AUC 0-INFand C maxof capecitabine’s active principle, fluorouracil, were not affected in patients with mild or moderate hepatic impairment compared to patients with normal hepatic function. The AUC 0-INFand C maxof capecitabine increased by 60%. The effect of severe hepatic impairment on the pharmacokinetics of capecitabine and its metabolites are unknown.
    Drug Interaction Studies 
    Clinical Studies 
    Effect of Capecitabine on Warfarin:In four patients with cancer, chronic administration of capecitabine 1,250 mg/m 2twice daily with a single dose of warfarin 20 mg increased the mean AUC of S-warfarin by 57% and decreased its clearance by 37%. Baseline corrected AUC of INR in these 4 patients increased by 2.8-fold, and the maximum observed mean INR value was increased by 91%. 
    Effect of Capecitabine on Celecoxib:Concomitant administration of multiple doses of capecitabine (capecitabine 1,000 mg/m 2twice daily for 14 days) increased celecoxib (sensitive CYP2C9 substrate) AUC by 28%, C maxby 24% and C troughby 30%. 
    Effect of Antacids on Capecitabine:When an aluminum hydroxide- and magnesium hydroxide-containing antacid was administered immediately after a capecitabine dose of 1,250 mg/m 2in patients with cancer, AUC and C maxincreased by 16% and 35%, respectively, for capecitabine and by 18% and 22%, respectively, for 5’-DFCR. No effect was observed on the other three major metabolites (5’-DFUR, fluorouracil, FBAL) of capecitabine. 
    Effect of Allopurinol on Capecitabine:Concomitant use with allopurinol may decrease conversion of capecitabine to the active metabolites, FdUMP and FUTP. 
    Effect of Capecitabine on Docetaxel and Effect of Docetaxel on Capecitabine:Capecitabine had no effect on the pharmacokinetics of docetaxel (C maxand AUC) and docetaxel has no effect on the pharmacokinetics of capecitabine and the fluorouracil precursor 5’-DFUR. 
    In VitroStudies 
    Cytochrome P450 (CYP) Enzymes:Capecitabine and its metabolites (5’-DFUR, 5’-DFCR, fluorouracil, and FBAL) did not inhibit CYP1A2, CYP2A6, CYP3A4, CYP2C19, CYP2D6, or CYP2E1 in vitro

    12.5 Pharmacogenomics

    The DPYDgene encodes the enzyme DPD, which is responsible for the catabolism of >80% of fluorouracil. Approximately 3-5% of White populations have partial DPD deficiency and 0.2% of White populations have complete DPD deficiency, which may be due to certain genetic no function or decreased function variants in DPYDresulting in partial to complete or near complete absence of enzyme activity. DPD deficiency is estimated to be more prevalent in Black or African American populations compared to White populations. Insufficient information is available to estimate the prevalence of DPD deficiency in other populations.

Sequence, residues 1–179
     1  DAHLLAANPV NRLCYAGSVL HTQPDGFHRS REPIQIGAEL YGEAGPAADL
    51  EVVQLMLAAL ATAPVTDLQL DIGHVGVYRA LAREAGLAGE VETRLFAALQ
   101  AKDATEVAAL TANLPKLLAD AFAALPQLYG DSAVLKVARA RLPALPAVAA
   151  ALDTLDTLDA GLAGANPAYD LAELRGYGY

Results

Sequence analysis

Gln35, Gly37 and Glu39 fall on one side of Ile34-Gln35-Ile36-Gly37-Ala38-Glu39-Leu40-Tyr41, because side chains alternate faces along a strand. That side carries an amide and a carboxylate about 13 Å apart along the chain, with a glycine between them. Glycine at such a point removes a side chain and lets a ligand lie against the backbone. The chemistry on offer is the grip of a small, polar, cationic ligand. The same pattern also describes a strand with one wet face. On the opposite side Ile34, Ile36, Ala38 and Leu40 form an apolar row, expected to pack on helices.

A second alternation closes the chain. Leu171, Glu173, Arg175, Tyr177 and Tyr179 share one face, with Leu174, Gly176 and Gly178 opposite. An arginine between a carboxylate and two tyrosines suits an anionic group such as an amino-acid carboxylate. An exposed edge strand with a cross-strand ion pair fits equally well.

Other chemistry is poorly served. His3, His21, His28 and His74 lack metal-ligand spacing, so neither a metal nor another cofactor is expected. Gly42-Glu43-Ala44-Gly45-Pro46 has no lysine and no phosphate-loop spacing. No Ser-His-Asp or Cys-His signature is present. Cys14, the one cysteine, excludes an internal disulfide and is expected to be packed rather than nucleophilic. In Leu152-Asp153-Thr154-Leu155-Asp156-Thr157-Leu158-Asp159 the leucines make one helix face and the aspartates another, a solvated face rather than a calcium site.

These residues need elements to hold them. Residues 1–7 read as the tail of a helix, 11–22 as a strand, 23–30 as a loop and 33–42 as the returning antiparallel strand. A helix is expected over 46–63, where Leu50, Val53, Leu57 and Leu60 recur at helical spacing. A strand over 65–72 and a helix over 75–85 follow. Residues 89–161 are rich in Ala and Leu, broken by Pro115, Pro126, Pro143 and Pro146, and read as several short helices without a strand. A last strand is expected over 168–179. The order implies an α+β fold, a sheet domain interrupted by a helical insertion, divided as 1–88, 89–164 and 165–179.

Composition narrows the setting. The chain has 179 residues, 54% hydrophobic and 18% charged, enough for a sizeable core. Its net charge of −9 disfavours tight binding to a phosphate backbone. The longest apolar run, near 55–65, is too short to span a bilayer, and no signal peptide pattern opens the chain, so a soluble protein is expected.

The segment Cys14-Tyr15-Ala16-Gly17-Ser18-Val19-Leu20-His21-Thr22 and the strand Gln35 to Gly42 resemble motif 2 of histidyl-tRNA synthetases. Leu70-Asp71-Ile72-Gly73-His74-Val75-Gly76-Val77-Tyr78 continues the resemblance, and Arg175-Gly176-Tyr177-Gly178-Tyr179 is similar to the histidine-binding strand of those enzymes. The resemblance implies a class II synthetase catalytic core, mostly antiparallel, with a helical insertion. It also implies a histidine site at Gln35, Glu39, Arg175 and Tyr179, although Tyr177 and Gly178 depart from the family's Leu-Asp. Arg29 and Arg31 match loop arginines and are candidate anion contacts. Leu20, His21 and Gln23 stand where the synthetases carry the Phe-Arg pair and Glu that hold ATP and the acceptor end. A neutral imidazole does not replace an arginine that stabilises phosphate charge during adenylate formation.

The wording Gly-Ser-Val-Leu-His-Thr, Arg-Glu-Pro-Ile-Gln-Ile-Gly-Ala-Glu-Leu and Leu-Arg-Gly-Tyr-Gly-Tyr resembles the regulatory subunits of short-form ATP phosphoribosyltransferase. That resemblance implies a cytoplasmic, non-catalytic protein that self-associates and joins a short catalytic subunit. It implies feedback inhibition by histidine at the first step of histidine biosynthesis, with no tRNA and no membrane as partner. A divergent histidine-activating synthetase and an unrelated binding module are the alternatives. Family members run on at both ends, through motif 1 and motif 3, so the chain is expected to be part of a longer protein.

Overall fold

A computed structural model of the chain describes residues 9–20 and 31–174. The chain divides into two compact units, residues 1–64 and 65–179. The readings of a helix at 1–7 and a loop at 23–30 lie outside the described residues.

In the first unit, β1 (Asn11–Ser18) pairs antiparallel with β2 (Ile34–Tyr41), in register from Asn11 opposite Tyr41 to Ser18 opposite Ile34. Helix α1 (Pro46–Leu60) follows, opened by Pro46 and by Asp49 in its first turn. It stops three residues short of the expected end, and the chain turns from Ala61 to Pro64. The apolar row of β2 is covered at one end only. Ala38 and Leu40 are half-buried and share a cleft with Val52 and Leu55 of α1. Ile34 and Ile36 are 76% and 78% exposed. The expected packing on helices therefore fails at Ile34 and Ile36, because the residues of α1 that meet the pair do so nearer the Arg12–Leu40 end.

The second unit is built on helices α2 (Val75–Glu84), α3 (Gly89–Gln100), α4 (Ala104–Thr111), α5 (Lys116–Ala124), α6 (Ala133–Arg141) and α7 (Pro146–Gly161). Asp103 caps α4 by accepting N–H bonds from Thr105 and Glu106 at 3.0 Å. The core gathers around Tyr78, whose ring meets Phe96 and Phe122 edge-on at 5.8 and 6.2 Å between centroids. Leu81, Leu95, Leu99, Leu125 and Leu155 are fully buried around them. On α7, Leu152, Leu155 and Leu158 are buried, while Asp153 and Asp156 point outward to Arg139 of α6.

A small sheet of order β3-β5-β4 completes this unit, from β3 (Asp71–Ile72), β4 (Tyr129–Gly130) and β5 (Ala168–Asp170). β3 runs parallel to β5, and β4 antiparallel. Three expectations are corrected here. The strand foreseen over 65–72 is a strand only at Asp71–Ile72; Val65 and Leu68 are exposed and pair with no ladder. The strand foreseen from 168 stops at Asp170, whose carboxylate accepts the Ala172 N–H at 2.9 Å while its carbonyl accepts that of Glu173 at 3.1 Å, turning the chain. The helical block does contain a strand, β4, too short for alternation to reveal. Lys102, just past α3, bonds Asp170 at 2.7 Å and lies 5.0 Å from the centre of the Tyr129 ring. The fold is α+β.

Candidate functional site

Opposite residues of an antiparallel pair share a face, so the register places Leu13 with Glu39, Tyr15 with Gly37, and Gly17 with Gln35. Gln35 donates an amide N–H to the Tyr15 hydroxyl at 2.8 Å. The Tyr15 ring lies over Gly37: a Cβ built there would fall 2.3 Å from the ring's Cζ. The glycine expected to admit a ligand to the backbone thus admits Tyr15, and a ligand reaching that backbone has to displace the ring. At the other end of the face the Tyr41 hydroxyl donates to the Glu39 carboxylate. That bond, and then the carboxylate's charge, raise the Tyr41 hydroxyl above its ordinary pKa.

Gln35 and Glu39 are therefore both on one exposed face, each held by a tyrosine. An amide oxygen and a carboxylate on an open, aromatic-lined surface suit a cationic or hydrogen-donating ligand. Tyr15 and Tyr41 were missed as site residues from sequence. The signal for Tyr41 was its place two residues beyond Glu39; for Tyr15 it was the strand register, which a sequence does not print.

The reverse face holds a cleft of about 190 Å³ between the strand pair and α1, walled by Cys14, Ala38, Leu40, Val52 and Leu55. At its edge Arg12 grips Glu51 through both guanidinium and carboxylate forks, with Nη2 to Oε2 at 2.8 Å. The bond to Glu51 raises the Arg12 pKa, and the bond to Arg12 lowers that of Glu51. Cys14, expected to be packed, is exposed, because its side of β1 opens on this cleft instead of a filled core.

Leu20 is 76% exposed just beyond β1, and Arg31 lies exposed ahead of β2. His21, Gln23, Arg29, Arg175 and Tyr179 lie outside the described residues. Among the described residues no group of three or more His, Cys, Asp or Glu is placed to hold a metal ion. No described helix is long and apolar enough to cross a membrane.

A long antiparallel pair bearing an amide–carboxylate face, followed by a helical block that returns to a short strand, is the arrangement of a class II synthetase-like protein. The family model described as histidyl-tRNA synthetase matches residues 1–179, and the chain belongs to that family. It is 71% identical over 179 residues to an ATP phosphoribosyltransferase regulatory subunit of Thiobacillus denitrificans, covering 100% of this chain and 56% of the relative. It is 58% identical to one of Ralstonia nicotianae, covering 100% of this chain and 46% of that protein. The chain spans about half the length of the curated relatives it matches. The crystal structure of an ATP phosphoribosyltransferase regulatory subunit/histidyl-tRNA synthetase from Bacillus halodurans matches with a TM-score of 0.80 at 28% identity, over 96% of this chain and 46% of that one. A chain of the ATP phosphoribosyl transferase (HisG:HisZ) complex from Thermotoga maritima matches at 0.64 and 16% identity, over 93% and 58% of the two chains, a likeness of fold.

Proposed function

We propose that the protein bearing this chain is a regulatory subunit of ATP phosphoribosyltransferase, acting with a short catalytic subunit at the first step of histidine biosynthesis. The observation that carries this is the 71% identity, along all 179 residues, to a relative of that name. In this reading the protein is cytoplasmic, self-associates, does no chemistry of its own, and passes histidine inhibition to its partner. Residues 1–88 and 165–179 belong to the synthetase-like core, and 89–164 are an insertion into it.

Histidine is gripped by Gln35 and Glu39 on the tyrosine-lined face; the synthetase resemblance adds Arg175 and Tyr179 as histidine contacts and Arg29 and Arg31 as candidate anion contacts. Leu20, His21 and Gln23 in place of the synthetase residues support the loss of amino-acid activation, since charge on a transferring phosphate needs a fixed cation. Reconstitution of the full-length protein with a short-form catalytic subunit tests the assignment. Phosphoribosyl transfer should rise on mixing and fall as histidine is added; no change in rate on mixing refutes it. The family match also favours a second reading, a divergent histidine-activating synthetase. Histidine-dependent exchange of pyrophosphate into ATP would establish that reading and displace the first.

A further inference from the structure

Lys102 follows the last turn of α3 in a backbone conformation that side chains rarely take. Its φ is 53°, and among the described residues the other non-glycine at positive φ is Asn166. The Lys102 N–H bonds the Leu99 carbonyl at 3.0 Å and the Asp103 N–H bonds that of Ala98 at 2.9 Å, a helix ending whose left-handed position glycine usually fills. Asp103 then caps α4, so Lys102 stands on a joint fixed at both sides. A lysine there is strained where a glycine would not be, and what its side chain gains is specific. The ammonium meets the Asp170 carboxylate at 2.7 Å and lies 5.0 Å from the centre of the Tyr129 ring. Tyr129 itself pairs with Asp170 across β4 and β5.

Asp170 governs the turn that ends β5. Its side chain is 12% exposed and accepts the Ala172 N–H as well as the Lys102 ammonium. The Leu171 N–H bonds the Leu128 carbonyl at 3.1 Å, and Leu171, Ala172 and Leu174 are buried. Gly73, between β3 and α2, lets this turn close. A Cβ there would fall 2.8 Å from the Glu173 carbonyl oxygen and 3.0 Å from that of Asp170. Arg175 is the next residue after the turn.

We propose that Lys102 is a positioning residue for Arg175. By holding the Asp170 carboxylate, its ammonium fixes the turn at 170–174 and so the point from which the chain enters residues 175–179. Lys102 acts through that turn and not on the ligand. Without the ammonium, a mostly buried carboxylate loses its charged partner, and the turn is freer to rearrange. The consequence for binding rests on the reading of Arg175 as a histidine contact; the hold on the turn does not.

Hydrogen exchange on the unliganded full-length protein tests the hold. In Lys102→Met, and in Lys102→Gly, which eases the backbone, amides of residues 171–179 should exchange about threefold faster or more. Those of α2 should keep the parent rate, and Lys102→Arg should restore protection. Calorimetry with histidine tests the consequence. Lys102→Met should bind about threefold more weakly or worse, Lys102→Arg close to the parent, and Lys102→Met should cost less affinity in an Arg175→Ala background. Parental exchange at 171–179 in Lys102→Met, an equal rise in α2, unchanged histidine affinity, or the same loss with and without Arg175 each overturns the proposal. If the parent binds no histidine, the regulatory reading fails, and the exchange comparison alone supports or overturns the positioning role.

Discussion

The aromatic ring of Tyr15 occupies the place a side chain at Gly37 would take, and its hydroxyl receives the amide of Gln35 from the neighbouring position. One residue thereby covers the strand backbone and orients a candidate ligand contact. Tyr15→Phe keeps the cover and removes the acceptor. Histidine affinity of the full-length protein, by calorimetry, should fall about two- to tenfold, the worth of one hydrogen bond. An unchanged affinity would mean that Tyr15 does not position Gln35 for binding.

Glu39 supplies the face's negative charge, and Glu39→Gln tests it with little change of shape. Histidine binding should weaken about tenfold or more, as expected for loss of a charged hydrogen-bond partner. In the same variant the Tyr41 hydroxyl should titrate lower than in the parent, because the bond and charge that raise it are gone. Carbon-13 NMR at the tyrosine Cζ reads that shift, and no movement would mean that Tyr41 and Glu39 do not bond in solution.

Patients who are homozygous or compound heterozygous for no function DPYDvariants (i.e., carry two no function DPYDvariants) or are compound heterozygous for a no function DPYDvariant plus a decreased function DPYDvariant have complete DPD deficiency and are at increased risk for acute early-onset of toxicity and serious life-threatening, or fatal adverse reactions due to increased systemic exposure to capecitabine. Partial DPD deficiency can result from the presence of either two decreased function DPYDvariants or one normal function plus either a decreased function or a no function DPYDvariant. Patients with partial DPD deficiency may also be at an increased risk for toxicity from capecitabine. 
    Four DPYDvariants have been associated with impaired DPD activity in White populations, especially when present as homozygous or compound heterozygous variants: c.1905+1G>A ( DPYD*2A), c.1679T>G ( DPYD*13), c.2846A>T, and c.1129-5923C>G (Haplotype B3). DPYD*2A and DPYD*13 are no function variants, and c.2846A>T and c.1129-5923C>G are decreased function variants. The decreased function DPYDvariant c.557A>G is observed in individuals of African ancestry. This is not a complete listing of all DPYDvariants that may result in DPD deficiency [see Warnings and Precautions (5.2)].

  • 13 NONCLINICAL TOXICOLOGY

    13.1 Carcinogenesis, Mutagenesis, Impairment of Fertility

    Adequate studies investigating the carcinogenic potential of capecitabine have not been conducted. Capecitabine was not mutagenic in vitroto bacteria (Ames test) or mammalian cells (Chinese hamster V79/HPRT gene mutation assay). Capecitabine was clastogenic in vitroto human peripheral blood lymphocytes but not clastogenic in vivoto mouse bone marrow (micronucleus test). Fluorouracil causes mutations in bacteria and yeast. Fluorouracil also causes chromosomal abnormalities in the mouse micronucleus test in vivo.